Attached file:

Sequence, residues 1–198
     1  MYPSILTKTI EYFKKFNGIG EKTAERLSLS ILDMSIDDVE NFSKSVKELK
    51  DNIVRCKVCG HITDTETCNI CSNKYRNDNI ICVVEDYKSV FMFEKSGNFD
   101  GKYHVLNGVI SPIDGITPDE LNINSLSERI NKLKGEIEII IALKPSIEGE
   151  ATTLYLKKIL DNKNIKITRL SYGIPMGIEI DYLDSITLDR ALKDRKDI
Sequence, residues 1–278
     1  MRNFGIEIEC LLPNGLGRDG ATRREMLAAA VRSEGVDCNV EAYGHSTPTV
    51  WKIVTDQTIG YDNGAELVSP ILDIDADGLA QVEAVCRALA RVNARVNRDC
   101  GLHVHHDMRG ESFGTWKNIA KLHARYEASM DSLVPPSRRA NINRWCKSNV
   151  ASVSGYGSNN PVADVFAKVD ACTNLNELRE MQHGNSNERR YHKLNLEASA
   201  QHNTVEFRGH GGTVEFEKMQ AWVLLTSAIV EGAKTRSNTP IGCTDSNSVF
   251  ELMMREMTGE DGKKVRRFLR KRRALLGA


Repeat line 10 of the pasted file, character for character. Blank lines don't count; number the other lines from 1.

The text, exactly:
   151  ASVSGYGSNN PVADVFAKVD ACTNLNELRE MQHGNSNERR YHKLNLEASA